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US3255627A - Drill pipe stress indicator - Google Patents

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US3255627A
US3255627A US27518063A US3255627A US 3255627 A US3255627 A US 3255627A US 27518063 A US27518063 A US 27518063A US 3255627 A US3255627 A US 3255627A
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pipe
drill
signal
circuit
means
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Doig Keith
Kenneth W Foster
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Shell Oil Co
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Shell Oil Co
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    • EFIXED CONSTRUCTIONS
    • E21EARTH DRILLING; MINING
    • E21BEARTH DRILLING, e.g. DEEP DRILLING; OBTAINING OIL, GAS, WATER, SOLUBLE OR MELTABLE MATERIALS OR A SLURRY OF MINERALS FROM WELLS
    • E21B47/00Survey of boreholes or wells
    • E21B47/0001Survey of boreholes or wells for underwater installations

Description

June 14, 1966 K. DOIG ETAL 3,255,627

DRILL PIPE STRESS INDICATOR Filed April 16, 1963 s Sheets-Sheet 1 lNVENTORS K. DOIG K.W. FOSTER ymx/fm THEIR ATTORNEY June 14, 1966 Filed April 16, 1965 5 Sheets-Sheet z '5 w 30 5 5| a. g 32 E E 33 54 E o uoox LOAD 0R AXIAL STRESS FIG. 2

m 54 so 6| W ADDING STRESS TRANSDUCER CONSTANT s 55 r -fi 56; A2 noon CONSTANT PIPE TYPE AND ARM LOAD swncmm CONSTANT C'IRCUH INDICATOR cmcun SELECTOR 42 55 50 MULTIPLY DEFLECTION av TRANSDUCER CONSTANT 43 44 4e; fi VECTOR DEFLECTION SHIFT ADDITION INDICATOR 45 HA IFULL T DEFLECTION WAVE 40 TRANSDUCER RECTIFIER FIG. 3 INVENTORS:

K. DOIG K. w. FOSTER THEIR ATTORNEY ALARM cmcun 5 Sheets-Sheet 3 K. DOIG ETAL DRILL PIPE STRESS INDICATOR HOOK LOAD TO AXIAL CONVERTER 7O HOOK LOAD TO June 14, 1966 Filed April 16, 1963 T0 HOOK LOAD TRANSDUCER 1a 0F FIG.3

T0 RECTIFIER 45 3 or FIG.5

INVENTORS:

T0 PIPE TYPE SELECTOR 1 AXIAL STRESS CONVERTER L K. DOIG K. W. FOSTER BY: f7 7 Z4 THEIR ATTORNEY FIG. 5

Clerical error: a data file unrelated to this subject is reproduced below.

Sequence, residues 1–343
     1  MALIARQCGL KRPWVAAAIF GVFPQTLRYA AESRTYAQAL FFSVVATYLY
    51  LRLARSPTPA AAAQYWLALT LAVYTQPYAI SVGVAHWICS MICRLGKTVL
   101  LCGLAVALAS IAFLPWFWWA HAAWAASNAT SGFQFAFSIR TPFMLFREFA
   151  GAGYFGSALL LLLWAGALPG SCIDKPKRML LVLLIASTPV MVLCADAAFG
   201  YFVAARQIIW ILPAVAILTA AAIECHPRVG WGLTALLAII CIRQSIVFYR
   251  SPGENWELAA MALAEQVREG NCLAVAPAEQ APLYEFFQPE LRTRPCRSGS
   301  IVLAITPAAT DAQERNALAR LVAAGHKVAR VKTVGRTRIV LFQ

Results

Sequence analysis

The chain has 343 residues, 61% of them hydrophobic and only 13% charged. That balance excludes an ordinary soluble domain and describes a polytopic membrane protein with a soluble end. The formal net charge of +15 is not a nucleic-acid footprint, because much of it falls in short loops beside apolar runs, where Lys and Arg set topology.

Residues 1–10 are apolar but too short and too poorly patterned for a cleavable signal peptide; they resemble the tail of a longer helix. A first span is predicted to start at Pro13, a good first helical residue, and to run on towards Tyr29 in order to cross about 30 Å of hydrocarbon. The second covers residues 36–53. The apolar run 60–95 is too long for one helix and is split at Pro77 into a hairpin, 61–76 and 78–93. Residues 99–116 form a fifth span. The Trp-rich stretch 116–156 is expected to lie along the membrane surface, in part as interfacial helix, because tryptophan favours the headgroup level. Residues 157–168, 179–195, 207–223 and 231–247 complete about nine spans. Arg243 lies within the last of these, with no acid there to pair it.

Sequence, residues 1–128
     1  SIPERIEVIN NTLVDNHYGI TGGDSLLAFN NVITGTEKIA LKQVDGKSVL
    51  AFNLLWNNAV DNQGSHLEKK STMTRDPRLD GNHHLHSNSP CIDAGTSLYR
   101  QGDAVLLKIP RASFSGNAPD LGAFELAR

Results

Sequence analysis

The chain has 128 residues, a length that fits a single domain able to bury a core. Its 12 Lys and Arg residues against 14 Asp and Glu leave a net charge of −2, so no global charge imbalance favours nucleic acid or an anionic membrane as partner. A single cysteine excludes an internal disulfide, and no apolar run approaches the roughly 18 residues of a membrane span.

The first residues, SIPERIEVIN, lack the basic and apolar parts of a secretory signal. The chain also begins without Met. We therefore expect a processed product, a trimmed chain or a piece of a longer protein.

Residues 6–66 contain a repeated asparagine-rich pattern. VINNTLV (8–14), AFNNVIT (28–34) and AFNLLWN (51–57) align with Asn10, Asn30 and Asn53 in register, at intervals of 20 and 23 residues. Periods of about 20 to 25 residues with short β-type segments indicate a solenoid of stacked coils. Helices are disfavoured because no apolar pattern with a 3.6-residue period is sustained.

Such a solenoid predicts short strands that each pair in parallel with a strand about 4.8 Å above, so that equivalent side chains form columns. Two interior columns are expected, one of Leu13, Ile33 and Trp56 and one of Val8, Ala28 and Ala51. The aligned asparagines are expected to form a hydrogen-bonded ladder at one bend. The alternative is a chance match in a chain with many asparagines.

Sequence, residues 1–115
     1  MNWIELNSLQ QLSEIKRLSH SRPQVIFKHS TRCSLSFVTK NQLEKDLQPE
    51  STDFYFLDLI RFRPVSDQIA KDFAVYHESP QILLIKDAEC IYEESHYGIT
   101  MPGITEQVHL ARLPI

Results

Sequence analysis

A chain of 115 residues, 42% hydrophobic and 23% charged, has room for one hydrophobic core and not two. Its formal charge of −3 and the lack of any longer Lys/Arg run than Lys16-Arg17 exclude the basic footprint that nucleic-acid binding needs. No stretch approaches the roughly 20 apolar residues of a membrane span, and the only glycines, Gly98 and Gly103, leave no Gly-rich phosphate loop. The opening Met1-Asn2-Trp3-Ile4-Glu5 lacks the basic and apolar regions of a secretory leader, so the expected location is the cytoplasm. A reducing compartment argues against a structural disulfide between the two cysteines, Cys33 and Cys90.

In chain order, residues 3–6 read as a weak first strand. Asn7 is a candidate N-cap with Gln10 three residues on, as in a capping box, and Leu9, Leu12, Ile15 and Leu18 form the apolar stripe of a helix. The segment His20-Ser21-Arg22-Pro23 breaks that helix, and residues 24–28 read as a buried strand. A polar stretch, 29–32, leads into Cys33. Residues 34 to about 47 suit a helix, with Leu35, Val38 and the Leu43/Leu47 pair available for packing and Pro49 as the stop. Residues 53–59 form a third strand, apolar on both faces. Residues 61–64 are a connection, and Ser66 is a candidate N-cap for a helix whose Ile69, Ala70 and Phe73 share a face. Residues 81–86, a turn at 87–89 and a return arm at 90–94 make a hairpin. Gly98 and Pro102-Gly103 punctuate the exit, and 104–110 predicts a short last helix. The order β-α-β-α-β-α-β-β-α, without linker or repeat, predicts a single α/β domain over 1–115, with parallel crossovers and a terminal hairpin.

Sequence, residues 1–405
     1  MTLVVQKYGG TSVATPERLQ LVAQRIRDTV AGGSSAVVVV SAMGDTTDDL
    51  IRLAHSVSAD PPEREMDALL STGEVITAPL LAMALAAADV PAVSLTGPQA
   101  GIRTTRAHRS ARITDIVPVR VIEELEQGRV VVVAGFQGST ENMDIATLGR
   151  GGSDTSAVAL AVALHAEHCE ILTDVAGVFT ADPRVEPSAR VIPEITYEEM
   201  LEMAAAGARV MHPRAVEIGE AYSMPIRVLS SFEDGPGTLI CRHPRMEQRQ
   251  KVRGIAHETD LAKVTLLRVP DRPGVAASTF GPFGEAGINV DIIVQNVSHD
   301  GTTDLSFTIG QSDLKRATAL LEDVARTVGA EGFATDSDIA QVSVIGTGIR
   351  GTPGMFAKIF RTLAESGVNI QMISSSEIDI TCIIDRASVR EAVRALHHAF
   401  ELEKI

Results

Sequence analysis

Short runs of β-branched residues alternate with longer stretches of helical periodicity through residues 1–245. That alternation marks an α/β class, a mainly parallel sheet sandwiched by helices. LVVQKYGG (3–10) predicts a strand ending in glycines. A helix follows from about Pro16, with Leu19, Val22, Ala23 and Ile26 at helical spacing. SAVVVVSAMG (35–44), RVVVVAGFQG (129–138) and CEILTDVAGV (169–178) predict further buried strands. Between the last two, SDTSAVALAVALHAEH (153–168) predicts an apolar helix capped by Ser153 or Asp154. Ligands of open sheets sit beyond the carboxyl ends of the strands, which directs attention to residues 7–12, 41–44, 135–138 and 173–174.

United States Patent 3,255,627 DRILL PIPE STRESS INDICATOR Keith Doig, Westport, Conn., and Kenneth W. Foster, Houston, Tex., assignors to Shell Oil Company, New York, N.Y., a corporation of Delaware Filed Apr. 16, 1963, Ser. No. 275,180 12 Claims. (Cl. 73151) This application is a continuation-in-part of United States patent application Serial No. 24,478, filed April 25, 1960, now abandoned.

This invention pertains to oil well equipment and more particularly to a means for determining the total stress on the drill pipe used in the drilling of oil wells.

In the drilling of oil wells by means of rotary drilling rigs, the drill pipe is subject to an axial stress commonly referred to as the hook load and a bending stress due to deflection of the drill pipe from the vertical. In most wells drilled on land the stress due to the deflection of the drill pipe can be negleted. When drilling offshore or underwater wells however, the stress due to deflection cannot be neglected since it contributes greatly to the total stress in the drill pipe. The stress due to deflection is especially important in wells which are drilled from floating platforms where the platform may move a considerable distance from the wellhead located on the floor of the body of water.

In the past, the stress on the drill pipe has been determined by noting the hook load and then determining the deflection of the drilling platform from the axis of the well. While this method may be used, it involves considerable effort on the part of the operating personnel, and the results are not readily obtainable. Also, in the past, charts have been prepared to show the safe operating condition of the drill pipe as related to a particular hook load and deflection. In an offshore drilling operation from a floating platform, the posit-ion of the drilling platform relative to the well, and thus the deflection of the drill pipe, is apt to change from moment to moment. In an operation involving such changes the previously employed procedures for determining stresses by applying the deflection and hook load in determinations involving calculations or charts, has numerous disadvantages. It requires the continuous attention of one of the operating personnel to keep current with the changes. The determinations of the stresses would tend to lag behind the applications of the stresses and fail as a warning of the approach of dangerous conditions. It would be diflicult to answer questions such as whether in a given emergency situation a materially increased hook load could be quickly applied, for example, to release or prevent the pipe sticking without breaking the drill pipe.